You are here
Summer Reading Program
The book selected for the 2014 Summer Reading Program is “The Immortal Life of Henrietta Lacks” by Rebecca Skloot.
About the book
The book documents the author’s determination to discover the life of Henrietta Lacks, a poor tobacco farmer who died over 60 years ago. What is it about her life story that still makes it important today?
- Her cells still live on in the science labs that continue to provide medical breakthroughs in a multi-million dollar industry
- Her life and that of her family raises issues of race, class and social change; of scientific discovery and ethics; and of the importance of education and health care that remain significant in our nation and world today
- Her story teaches us about the importance of understanding the past as we envision our future
From the Amazon.com book description: Her name was Henrietta Lacks, but scientists know her as HeLa. She was a poor Southern tobacco farmer who worked the same land as her slave ancestors, yet her cells—taken without her knowledge—became one of the most important tools in medicine. The first “immortal” human cells grown in culture, they are still alive today, though she has been dead for more than sixty years. If you could pile all HeLa cells ever grown onto a scale, they’d weigh more than 50 million metric tons—as much as a hundred Empire State Buildings. HeLa cells were vital for developing the polio vaccine; uncovered secrets of cancer, viruses, and the atom bomb’s effects; helped lead to important advances like in vitro fertilization, cloning, and gene mapping; and have been bought and sold by the billions.
Yet Henrietta Lacks remains virtually unknown, buried in an unmarked grave.
… The Immortal Life of Henrietta Lacks captures the beauty and drama of scientific discovery, as well as its human consequences.
The Summer Reading Program at Ohio Northern University is your first college assignment – an introduction to the habits of the mind and heart that will continue to be developed throughout your ONU experience. As a first-year student, you are asked to read a book over the summer months prior to arriving on campus, to reflect on a series of thought-provoking questions, and to actively participate in small, faculty-led group discussions as part of the Fall Orientation and Convocation each August. By engaging in the common reading and orientation discussions, you will begin to develop the skills of critical thinking and effective communication that are fundamental to your college education. Depending on the book, you will also be encouraged to contemplate the importance of integrating learning among disciplines within the arts and sciences and professional studies; of seeking understanding from different perspectives; and of striving for ethical responsibility.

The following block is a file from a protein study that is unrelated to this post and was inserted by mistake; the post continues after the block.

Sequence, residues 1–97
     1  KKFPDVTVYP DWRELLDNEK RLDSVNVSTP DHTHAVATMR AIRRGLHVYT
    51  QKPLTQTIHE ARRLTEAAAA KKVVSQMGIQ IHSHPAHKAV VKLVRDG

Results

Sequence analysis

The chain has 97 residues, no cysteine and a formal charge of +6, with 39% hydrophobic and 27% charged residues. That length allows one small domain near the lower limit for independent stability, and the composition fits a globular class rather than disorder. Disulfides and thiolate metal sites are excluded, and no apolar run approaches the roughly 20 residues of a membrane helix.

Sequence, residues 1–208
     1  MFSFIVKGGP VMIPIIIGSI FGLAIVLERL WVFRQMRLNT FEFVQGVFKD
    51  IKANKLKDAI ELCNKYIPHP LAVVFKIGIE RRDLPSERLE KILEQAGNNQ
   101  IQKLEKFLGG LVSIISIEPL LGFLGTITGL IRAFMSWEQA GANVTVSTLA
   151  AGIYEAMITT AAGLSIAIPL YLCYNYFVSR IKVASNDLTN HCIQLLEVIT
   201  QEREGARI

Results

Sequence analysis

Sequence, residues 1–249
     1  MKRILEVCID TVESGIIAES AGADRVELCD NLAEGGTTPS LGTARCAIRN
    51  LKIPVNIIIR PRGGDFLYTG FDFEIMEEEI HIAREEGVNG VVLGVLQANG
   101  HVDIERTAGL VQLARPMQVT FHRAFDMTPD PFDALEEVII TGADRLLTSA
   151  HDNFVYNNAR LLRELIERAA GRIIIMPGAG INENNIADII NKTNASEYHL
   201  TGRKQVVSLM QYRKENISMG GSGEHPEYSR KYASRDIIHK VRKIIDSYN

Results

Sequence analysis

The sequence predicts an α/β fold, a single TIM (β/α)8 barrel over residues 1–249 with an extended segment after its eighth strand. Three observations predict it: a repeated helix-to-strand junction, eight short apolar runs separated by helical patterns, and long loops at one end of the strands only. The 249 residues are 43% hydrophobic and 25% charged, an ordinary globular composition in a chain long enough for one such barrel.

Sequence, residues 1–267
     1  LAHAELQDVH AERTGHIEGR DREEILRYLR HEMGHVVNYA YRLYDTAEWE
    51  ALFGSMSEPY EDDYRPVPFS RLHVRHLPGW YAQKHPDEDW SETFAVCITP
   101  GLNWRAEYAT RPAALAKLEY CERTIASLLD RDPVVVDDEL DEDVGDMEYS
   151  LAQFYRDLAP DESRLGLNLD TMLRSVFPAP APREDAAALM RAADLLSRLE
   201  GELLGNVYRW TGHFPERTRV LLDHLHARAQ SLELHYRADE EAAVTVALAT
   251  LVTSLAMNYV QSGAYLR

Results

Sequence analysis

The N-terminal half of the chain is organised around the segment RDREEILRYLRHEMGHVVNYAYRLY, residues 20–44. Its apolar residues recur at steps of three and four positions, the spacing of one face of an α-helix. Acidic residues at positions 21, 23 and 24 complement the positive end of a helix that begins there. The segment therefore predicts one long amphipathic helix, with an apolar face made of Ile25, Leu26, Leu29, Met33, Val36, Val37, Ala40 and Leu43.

The summer reading, completed by all incoming students, helps to provide a common experience and sense of community for students transitioning to college life at ONU. An essential part of the orientation process, the summer reading and discussions are an important foundation for academic success at Ohio Northern University.
Copies of the Summer Reading Program selection The Immortal Life of Henrietta Lacks by Rebecca Skloot are available to purchase during Orientation at the University Bookstore in McIntosh Center. Use the prepared reading questions as a guide to thinking about significant themes within the book and to form a basis for the discussion that will occur when you return to campus in August. Keeping a journal where you can organize your ideas, ask your own questions and develop your thoughts on the various topics raised in the book is highly suggested. Such a journal will also be a valuable resource for additional discussions or coursework that your professors may assign in your classes.
When returning to campus in August for Fall Orientation, you will meet with your Transitions Experience professor and your classmates on Thursday, August 21 from 2:15 – 3:30 pm for discussion of the book. This discussion is the first meeting of your class; the various meeting locations will be announced in August prior to Fall Orientation. The following courses are included in the Transition Experience according to your College/major:
Arts & Sciences: TREX 1001
Business Administration: BIZ 1001
Engineering and Eng. Education majors: ENGR 1041
Computer Science majors: ECCS 1101
Pharmacy: PHPR 1011
Following this discussion, your class will process to the Sports Center Fieldhouse for the Convocation – a formal start to the academic year, including university faculty in their academic regalia. Family members will also be in attendance at the Convocation.